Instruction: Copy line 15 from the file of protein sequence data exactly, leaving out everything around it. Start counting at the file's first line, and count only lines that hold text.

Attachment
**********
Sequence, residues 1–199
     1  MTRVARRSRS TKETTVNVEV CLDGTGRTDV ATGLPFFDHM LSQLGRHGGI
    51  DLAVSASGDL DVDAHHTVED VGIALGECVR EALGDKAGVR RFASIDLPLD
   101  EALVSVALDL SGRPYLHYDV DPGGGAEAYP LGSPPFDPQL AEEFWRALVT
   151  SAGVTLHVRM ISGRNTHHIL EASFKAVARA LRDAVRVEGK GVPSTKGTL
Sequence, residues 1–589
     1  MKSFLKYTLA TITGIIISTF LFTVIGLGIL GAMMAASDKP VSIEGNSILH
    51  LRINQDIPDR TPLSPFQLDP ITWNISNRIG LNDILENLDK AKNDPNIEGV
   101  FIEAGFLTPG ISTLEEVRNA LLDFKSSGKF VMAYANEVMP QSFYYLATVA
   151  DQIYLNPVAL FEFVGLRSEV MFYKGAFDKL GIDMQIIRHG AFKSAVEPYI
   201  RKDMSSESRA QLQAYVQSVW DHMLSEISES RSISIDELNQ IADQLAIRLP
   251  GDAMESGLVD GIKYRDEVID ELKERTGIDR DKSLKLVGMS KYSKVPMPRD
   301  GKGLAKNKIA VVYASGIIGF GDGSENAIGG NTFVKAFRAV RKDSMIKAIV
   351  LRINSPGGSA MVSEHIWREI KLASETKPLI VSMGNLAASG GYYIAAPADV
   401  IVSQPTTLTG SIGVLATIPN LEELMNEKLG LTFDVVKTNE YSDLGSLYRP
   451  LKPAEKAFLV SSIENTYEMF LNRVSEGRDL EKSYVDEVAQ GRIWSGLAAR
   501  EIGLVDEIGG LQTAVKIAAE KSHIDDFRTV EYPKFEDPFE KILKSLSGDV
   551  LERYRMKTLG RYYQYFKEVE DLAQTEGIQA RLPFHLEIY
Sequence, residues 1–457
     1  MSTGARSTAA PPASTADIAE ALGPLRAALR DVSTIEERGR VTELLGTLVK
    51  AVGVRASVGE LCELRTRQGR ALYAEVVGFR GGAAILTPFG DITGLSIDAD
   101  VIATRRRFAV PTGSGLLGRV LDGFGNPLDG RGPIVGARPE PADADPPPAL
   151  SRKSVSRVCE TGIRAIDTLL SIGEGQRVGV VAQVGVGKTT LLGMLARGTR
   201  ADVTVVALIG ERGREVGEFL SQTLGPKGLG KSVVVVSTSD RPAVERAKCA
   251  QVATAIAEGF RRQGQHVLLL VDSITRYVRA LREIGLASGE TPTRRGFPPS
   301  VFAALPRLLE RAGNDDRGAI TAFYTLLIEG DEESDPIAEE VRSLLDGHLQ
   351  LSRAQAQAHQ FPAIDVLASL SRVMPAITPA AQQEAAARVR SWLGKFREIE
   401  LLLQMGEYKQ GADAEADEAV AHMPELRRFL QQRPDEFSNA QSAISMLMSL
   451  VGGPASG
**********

   401  IVSQPTTLTG SIGVLATIPN LEELMNEKLG LTFDVVKTNE YSDLGSLYRP